According to entrepreneur-activist Vimlendu Jha, what started with anger at the plight of the Yamuna has evolved into Swecha — a full fledged programme for changing attitudes towards the environment.

It has been a year of mixed fortunes for Vimlendu Jha. Swechha, the organisation he founded and is the executive director of, moved into a compact new office in Malviya Nagar, fashioned entirely out of trash. A chandelier made of diet coke cans, a book shelf assembled out of vegetable cartons and a bike exhaust lamp are only some of the things that make a visitor marvel at the possibilities of waste. However, around the time that Swechha moved into this space, possibly India’s first upcycled office, Vimlendu also received a legal notice from Gap, an American clothing giant, asserting its trademark rights and urging him to stop using the word ‘Gap’ in his project Green The Gap, which upcycles waste into useful products. Intimidated initially by the notice, he has now resolved to fight it. “I don’t have anything to lose,” he says firmly, as his puppy (named Gap, incidentally) looks on curiously.

It has been a long and not-always-fruitful journey for Vimlendu, who arrived over 15 years ago around this time of the year, to apply and eventually study in Delhi University. “There was a lot that was happening in the late 90s in terms of social movements – the anti-dam movement, justice for Bhopal, an anti-nuclear campaign. It wasn’t something to do with ideology, I think it had more to do with the unrest inside me that got me associated with everything that was happening around,” he says.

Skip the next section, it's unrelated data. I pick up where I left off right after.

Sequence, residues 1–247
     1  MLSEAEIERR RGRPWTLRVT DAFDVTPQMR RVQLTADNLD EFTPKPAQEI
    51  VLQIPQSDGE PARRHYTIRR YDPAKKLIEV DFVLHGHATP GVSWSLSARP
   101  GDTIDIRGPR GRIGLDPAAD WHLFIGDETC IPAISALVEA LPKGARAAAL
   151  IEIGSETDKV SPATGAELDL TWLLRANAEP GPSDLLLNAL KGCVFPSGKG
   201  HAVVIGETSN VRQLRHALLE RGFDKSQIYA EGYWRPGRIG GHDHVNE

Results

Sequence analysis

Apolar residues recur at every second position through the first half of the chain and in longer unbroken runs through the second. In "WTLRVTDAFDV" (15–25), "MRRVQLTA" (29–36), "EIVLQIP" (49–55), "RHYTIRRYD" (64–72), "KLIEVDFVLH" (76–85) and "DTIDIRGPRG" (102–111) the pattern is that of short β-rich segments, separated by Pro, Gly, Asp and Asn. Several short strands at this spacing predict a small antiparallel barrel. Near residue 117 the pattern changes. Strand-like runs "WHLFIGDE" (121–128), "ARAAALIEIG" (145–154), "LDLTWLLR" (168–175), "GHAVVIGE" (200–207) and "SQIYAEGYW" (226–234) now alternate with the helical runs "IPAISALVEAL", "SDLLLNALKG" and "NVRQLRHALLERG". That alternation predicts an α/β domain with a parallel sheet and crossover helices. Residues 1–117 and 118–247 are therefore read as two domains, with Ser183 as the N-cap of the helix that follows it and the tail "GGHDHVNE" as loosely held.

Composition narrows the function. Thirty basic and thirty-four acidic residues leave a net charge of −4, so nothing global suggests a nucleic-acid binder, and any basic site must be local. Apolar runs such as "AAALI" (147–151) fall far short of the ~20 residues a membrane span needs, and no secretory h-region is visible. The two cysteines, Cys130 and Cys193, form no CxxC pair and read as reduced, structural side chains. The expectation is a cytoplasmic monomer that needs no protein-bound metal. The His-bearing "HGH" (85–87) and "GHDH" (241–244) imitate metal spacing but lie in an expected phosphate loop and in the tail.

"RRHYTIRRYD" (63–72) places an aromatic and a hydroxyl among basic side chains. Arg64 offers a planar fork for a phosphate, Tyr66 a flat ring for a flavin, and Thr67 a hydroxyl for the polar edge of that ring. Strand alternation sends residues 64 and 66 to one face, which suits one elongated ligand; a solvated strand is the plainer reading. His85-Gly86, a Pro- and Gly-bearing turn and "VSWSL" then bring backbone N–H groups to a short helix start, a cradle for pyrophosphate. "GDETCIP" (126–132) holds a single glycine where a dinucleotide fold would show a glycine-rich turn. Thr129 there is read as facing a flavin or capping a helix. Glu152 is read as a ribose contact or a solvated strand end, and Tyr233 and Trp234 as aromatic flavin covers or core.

After college got over, Vimlendu took a year off to reassess his priorities. “These were big but distant issues. I wasn’t born on the banks of Narmada, I wasn’t affected by the tragedy in Bhopal. My association with them was based on what I read, what I heard but not what I experienced.” The cause he subsequently decided to make his own was the Yamuna.

In July 2000 “We for Yamuna” was born. “Within a week we had over 500 people who joined. That entire thing became like a flagless campaign, with a bunch of young people trying to shout, scream about the river. Our focus that time was just to create noise. That is what we were best at,” he says.

One of the popular programmes that Swechha runs, in collaboration with Delhi schools, is the Yamuna Yatra, where the river is tracked from its source. “It’s about how the river is so clean when it is with uneducated people and how it dies as soon as it comes to people who speak English and wear FabIndia and have watched An Inconvenient Truth. This 22 kilometre stretch of the river in Delhi contributes to 80 per cent of the pollution and this is where all the environmentalists of the country are stationed, where the top ministers live.”

The problem, according to Vimlendu, is the lack of political will. This, despite crores of rupees that have been spent. “Imagine, the government could dig the entire city and construct the Metro and they did it in so-called world style. If they wanted, they could have done the same with the river. Constructing the Metro is tougher than cleaning a river, but they still did it. There’s no desire and there’s no pressure to do the same with the river.”